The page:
“How did my plants get so dirty?”
As it’s name implies, sooty mold is easy to identify by its “sooty” appearance.
Photo Credit: ©Buglady Consulting
The real question is, are you looking at dust, dirt and grime, or are your plants showing signs of fungal growth? No matter where you live or what kind of plant you have, sooty mold may be the cause of unsightly black residue on the plants in your home or landscape.
Sooty mold is a dull-black fungus that can grow on the leaves, fruit and stems of indoor and outdoor plants. The fungus is easy to identify by its “sooty” appearance. Light infestations may begin at the base of leaves and move toward the tips. Heavy infestations can cause the entire plant to appear black.
Sooty mold is caused by the presence of aphids, mealybugs, scale and whiteflies. These insect pests have mouthparts that suck plant juices, and as waste, they secrete a sweet substance known as honeydew. The honeydew lays on plant surfaces and over time grows into this specific mold.
Since almost all plants are susceptible to aphids, mealybugs and whiteflies, it stands to reason that almost all plants are susceptible to sooty mold. Crapemyrtles, hollies and azaleas are just a few of the numerous landscape plants that you may find covered with the fungus. You’re most likely to find sooty mold in the landscape in spring and summer, when insects are the most active.
On houseplants, sooty mold can be present and active any time of year. You’ll often find it on your houseplant before you spot the insect problem. (If you see sooty mold on a Ficus or other woody-stemmed houseplant and you don’t see any obvious insects, look along the stems, and you’re likely to find armored scale insects camouflaged there.)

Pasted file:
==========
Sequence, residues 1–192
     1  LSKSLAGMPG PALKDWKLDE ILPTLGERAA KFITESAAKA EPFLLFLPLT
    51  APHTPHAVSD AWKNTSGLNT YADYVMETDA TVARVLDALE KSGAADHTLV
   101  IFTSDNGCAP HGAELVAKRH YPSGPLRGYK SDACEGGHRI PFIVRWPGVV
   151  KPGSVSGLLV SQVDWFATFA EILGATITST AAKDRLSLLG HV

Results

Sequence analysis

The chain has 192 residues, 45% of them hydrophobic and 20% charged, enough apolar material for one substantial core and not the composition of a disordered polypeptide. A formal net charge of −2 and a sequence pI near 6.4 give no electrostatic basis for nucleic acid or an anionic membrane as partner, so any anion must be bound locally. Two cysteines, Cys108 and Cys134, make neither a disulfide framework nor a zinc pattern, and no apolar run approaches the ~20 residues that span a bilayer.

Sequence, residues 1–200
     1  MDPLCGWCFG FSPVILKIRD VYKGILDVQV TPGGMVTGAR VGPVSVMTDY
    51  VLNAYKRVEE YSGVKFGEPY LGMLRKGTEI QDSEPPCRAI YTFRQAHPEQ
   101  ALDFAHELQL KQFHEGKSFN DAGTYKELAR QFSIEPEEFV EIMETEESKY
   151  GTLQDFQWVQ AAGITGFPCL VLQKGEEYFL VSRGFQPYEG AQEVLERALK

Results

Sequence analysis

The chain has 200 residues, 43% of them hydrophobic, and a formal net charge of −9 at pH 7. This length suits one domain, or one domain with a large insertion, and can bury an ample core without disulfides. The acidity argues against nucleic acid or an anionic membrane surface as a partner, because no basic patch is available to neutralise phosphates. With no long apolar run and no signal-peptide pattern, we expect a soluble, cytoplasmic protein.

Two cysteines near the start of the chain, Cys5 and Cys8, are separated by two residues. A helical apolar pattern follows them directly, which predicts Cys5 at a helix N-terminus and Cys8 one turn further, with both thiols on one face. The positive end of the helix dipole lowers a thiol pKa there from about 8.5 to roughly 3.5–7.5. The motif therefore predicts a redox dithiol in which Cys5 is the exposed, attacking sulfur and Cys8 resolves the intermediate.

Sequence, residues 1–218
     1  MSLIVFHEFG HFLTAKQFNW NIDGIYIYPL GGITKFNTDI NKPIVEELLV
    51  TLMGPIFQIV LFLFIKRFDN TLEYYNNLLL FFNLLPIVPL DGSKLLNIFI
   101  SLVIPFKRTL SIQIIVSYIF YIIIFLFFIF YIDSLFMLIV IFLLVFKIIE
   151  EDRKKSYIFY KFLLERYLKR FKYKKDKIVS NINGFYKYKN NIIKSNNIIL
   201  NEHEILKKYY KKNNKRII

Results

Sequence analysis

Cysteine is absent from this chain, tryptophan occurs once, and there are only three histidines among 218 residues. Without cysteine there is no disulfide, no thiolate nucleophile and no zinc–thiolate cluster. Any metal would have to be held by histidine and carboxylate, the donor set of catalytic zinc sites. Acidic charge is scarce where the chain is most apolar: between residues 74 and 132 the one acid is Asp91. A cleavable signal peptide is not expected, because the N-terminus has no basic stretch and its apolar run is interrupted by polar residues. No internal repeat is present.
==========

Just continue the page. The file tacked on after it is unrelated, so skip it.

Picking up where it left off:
Although the insects that cause sooty mold can cause severe damage to the plant, sooty mold itself is relatively harmless. Because the fungus covers the leaf surface, plants can’t manufacture food for themselves as quickly, so plant growth will slow down. But luckily no lasting effects remain after sooty mold is controlled.
Controlling sooty mold is as simple as controlling the insect creating the honeydew. Contrary to what you may think, applying a fungicide is not necessary and won’t aid in the control of sooty mold. Instead, find the insect causing the problem and research the best control method for that specific insect.
After the insect is suppressed, the sooty black appearance may remain on the plant for the remainder of the season. For landscape plants, there’s little you can do to remove the “soot” on a large scale, but as long as the insect is controlled, the unsightly appearance will disappear over time. For houseplants, the leaves can be wiped down with a cloth and mild soapy water – but make sure the soap residue is thoroughly rinsed off. (To rinse, you can simply place the plant in the shower, or take larger plants outside on a warm day and hose off any residue.)
The good news is that sooty mold is a plant disease with a happy ending: It’s easy to identify, easy to control and does little harm to a plant.